– Five years, and five years, again, just focusing on nonprofits and helping nonprofits.
– Yeah, that’s all I do.
– That’s awesome. So, you know, and I could probably dive into just that area, ’cause I think it’s fascinating, and so if we have time later, maybe I’ll ask more questions there, but I want us to talk specifically about kind of things that you’ve done to help like the business side of your law firm, and you know, from your speaking and definitely, you know, like on Twitter, following you on Twitter. I know we are Twitter friends there, but you’re a big proponent of incorporating technology
– Oh yeah.
– into your practice and stuff, right? So how has technology actually helped you?
– I mean, I basically couldn’t do my work without technology, and I don’t just mean like Microsoft Office, right? Like we’re all using the computer. Well, most of us are, I think I’ve heard of a few lawyers who have their secretaries like print out every email, and they dictate a response or something, but most of us are in the normal technology use camp, but I’m definitely what you would call an aggressive user. So I have a lot of systems that are automated and I’m still solo, I have one full-time assistant who works with me, she’s not a lawyer. But we basically get the capacity of probably three or four people’s worth of work done, because I rely so much on my systems that are, you know, I like to say it’s my Frankenstein business model. ‘Cause I sort of patched together all of these technological solutions. But I do a lot of like email automation. So, you know, instead of paying my assistant to chase down clients for their documents, right? We’re all familiar with that to some degree. I have ActiveCampaign that, you know, I put people into a automation where it reminds them like, hey, you have one week to give us your documents. Oh hey, you have three days left. Oh hey, do you need more time? If so, write back and tell us what’s a reasonable timeline. All of that stuff used to be done by hand, typing it all out every single time, right? And now it’s done in a friendly way, right? It’s not like robotic, send us your homework, this is your email reminder, like still sounds like personable, and all of that, but it’s automatic. And then I use online scheduling, I use Airtable for a lot of data crunching, KPIs, workflow tracking, CRM. I just threw out a bunch of jargon that people are like, what?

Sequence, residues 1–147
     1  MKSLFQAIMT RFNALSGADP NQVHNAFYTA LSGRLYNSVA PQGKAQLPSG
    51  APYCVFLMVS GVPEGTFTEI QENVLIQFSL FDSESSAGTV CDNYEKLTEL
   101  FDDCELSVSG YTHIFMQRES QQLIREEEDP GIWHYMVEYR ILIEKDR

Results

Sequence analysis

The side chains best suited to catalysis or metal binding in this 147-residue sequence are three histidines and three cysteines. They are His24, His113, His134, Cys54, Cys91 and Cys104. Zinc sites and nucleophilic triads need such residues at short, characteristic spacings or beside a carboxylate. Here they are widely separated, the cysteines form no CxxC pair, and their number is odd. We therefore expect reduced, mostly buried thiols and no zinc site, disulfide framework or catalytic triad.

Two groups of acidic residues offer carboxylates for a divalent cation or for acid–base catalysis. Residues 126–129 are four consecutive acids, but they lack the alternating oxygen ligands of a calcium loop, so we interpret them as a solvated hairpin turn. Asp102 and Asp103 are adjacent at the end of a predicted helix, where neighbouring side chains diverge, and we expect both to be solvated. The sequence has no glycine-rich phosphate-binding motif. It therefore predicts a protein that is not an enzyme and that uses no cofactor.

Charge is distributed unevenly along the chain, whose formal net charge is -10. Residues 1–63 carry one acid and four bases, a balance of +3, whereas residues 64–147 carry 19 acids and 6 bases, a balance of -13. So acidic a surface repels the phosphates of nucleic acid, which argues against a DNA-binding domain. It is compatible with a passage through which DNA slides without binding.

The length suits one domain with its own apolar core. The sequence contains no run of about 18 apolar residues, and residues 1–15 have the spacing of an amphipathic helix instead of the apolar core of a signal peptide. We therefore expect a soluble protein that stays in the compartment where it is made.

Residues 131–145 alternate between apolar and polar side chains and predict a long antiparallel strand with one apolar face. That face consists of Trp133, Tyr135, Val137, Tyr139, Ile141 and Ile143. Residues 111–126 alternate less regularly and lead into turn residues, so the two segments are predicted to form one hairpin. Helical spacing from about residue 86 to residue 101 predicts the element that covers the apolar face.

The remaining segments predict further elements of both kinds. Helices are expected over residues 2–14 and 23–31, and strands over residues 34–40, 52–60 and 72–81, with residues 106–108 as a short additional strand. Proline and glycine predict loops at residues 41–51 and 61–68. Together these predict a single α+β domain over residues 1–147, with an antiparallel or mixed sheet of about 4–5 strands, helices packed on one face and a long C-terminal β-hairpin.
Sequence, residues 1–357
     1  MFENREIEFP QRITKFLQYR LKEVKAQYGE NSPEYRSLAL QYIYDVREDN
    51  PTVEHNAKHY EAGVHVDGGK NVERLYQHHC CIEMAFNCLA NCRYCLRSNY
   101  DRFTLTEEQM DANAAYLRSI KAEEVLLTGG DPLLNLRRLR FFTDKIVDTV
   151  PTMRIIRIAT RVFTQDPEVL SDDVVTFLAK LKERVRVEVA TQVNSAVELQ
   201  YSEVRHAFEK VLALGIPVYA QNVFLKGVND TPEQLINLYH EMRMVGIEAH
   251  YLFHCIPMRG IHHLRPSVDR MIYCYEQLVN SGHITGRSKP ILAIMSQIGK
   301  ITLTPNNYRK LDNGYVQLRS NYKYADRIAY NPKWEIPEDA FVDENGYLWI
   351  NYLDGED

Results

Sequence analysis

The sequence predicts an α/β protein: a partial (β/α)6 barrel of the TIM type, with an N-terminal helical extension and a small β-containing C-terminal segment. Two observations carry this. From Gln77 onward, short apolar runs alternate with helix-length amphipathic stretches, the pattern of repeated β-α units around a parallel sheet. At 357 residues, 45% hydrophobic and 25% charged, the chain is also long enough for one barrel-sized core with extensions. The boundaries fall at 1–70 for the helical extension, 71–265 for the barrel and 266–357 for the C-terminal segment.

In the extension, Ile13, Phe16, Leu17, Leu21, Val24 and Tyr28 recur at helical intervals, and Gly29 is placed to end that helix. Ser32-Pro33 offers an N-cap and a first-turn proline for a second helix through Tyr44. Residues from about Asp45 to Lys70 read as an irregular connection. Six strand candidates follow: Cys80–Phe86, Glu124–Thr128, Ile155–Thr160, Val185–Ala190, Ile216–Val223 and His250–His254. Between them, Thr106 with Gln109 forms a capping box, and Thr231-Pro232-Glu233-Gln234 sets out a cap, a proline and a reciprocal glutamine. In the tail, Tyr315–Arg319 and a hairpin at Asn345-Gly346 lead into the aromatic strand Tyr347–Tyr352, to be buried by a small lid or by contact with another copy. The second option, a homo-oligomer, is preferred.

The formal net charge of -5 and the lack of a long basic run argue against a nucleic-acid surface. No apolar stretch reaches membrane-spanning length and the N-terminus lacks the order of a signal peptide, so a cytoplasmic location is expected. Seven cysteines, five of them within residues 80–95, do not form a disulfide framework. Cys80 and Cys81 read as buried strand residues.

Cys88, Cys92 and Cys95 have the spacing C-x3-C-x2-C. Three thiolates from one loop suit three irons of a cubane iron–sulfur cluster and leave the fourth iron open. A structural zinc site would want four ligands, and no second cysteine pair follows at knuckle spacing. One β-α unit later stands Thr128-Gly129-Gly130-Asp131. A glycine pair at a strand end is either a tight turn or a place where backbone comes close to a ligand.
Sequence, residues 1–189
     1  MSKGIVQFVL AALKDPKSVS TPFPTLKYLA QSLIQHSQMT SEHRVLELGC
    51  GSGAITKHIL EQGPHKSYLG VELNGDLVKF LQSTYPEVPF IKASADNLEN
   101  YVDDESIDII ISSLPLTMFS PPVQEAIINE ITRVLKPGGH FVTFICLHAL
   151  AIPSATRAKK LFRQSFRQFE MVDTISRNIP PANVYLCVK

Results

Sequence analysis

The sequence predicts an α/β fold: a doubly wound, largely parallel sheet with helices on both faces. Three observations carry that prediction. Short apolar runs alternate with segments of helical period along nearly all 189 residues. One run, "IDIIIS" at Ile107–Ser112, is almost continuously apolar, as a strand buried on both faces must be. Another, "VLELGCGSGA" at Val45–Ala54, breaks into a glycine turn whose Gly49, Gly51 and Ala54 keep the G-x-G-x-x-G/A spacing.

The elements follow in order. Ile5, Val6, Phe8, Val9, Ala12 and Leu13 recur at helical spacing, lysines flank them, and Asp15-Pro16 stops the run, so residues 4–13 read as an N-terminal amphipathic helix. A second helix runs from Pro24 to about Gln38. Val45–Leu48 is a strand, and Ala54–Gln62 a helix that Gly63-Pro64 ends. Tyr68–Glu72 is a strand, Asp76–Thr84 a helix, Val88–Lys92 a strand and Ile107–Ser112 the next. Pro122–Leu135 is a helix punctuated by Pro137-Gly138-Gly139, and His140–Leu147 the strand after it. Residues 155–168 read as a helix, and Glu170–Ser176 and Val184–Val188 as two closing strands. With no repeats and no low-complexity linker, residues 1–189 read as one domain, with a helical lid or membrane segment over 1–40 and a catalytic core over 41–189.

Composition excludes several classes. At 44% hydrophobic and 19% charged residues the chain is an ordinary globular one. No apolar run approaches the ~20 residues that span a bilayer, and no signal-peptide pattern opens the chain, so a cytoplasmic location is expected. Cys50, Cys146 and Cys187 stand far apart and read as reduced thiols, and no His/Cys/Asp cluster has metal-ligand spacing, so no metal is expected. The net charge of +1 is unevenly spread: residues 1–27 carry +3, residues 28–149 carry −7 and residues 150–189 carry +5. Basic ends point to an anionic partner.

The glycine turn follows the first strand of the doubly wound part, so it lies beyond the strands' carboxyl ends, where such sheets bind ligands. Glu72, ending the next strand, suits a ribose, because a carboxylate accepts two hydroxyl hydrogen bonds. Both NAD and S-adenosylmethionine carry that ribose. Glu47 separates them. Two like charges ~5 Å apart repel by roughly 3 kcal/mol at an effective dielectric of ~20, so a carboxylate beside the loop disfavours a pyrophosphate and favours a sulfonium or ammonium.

– So you’re using Airtable to like, get online forums and stuff or something? To grab the attention
– or are you using it on the back lines too?
– Not so much for forms, I still use JotForm, which is great tool,
– that you can get a free account and have five forms for no cost. So if you’re just dabbling in online form creation, it’s a really nice one to play with, but we’re getting into that with Airtable, ’cause it’s always nice to like reduce the number of software tools you have to use. But I’m using it really,